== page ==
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Why Your City Matters to Your Business

Here are 5 reasons your city makes a big difference to the success of your business.

We all hear about the critical role that businesses play in the competitiveness and economic growth of our cities. But it’s important to note that the reverse is also true: Your city has a tremendous impact on your bottom line. Your city means more to your business than just an address on the front door. Your company’s location drives business formation, strategy and performance. It’s called economic geography – and it’s a two-way street.

I’ve challenged my graduate students – all of them entrepreneurs and small business owners – to consider the question of place: How does your city support your business growth?

City industry clusters help businesses thrive.
If birds of a feather flock together, so do similar businesses: biotech companies gather in Cambridge, energy companies gravitate toward Houston, athletic apparel is huge in Portland, Ore., and finance clusters in New York City. The close proximity creates a synergy that enables companies within the cluster to easily collaborate, influence local policy investments, share specialized training programs and partner with service providers.

Industry clusters are a driving force both economically and socially for your business. As Harvard Business School Professor Michael Porter explains, industry clusters provide each business with a sense of greater scale, as if it “joined others without sacrificing its flexibility.”

Talented workers are moving to cities in droves.

For the first time ever, more than half of the world’s population – that’s a staggering three billion people – live in our urban cores. People are returning to the city, and the trend is expected to continue. An estimated 60 million additional people per year will move to cities in the U.S. and around the world.

Your people – not your products or technology – are the driving force of your business, and talented workers go where the opportunities are: to the city. And the people living in cities are younger and more diverse than the rest of the U.S. population. The generous talent pool in cities, often specialized and concentrated, offers business owners the opportunity to find the brainpower and specific skillsets they need for their companies.

Urban anchor institutions drive innovation and business development.

Urban anchor institutions, such as universities and hospitals, produce research and technology and have a tremendous impact on an industry’s markets. And anchors are big customers: Nationwide, hospitals spend $320 billion annually on goods and services, and 7,000 colleges and universities collectively spend another $200 million each year. The opportunity to bid on procurement contracts is just one of many benefits enjoyed by businesses located near these institutions—especially as more anchors commit to purchasing locally.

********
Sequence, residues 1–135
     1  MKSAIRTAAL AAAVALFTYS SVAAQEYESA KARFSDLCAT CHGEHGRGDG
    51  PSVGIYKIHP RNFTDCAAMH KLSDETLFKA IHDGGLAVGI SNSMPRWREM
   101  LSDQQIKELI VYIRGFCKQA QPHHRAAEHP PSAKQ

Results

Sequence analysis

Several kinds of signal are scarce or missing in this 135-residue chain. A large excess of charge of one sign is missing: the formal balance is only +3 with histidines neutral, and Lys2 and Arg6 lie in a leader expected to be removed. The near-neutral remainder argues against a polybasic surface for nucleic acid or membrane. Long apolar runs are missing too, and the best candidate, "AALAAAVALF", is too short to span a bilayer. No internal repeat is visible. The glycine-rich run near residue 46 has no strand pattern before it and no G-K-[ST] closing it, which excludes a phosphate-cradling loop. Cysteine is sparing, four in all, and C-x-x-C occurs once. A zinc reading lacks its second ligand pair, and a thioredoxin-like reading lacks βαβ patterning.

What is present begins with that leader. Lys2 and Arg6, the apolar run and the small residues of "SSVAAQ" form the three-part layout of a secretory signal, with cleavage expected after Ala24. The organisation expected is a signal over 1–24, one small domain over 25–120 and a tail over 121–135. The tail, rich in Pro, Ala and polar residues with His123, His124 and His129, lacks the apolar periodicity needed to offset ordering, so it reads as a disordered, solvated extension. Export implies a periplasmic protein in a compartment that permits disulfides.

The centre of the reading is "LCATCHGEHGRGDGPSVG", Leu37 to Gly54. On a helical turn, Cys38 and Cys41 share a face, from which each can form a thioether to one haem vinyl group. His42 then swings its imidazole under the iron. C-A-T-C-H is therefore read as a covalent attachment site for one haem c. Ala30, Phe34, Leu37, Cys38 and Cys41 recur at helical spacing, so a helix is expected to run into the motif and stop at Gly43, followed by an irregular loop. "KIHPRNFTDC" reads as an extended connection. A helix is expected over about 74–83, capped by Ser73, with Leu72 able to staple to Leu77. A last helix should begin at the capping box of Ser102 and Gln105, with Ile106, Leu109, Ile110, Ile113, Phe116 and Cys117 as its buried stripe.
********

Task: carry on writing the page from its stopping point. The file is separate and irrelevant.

Proximity to colleges and universities also enables local companies to take advantage of the continuous stream of young talent entering the workforce. Area businesses can have an impact on the front end of higher education as well, connecting with learning institutions to create workforce training programs and curricula that meet hiring needs.

Capital moves to entrepreneurs, and entrepreneurs move to capital.

We’ve heard the stories: X Company was founded in Y City… but then moves to Silicon Valley! Why? Entrepreneurs must go where they will be funded, and venture capitalists prefer to be close to the businesses in which they invest.

A whopping 40% of venture capital flows to Silicon Valley, followed by Boston (11%) and New York City (8.6%). Cities that have a strong entrepreneurial cluster also tend to have a greater access to capital and related resources.

Moreover, Community Development Finance Institution (CDFI) lending is highly concentrated: Just 10 cities account for 82% of all CDFI lending to urban businesses. If one of your 2012 business goals is to access funding, then consider how your business location affects your ability to garner these well-known sources of funding.

Work matters, but quality of life matters too.
As a business owner, it’s important that you consider how your location impacts your – and your employees’ – quality of life. Do your employees have to drive to work? Can you walk down the street and grab a cup of coffee? Can you easily meet with like-minded entrepreneurs to share ideas or conduct business deals?

Where you locate your business hinges on more than economics. A city might be good for your bottom line (i.e. low cost of rent, ease of parking) but unappealing to your workers. If your business is unable to engage in the local cluster, you may find it difficult to attract and retain a talented workforce.

Cities have different assets, cultures, values, demographics, aesthetics and opportunities. Finding the city that matches your personal values and those of your brand is the key.

 

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Last updated: Jan 10, 2012

STEVEN PEDIGO | Columnist | VP, Initiative for a Competitive Inner City

Steven Pedigo is the vice president of communications and content for Initiative for a Competitive Inner City (ICIC), the leading authority on U.S. inner city economies and the businesses that thrive there. He tweets at @iamstevenpedigo.

The opinions expressed here by Inc.com columnists are their own, not those of Inc.com.



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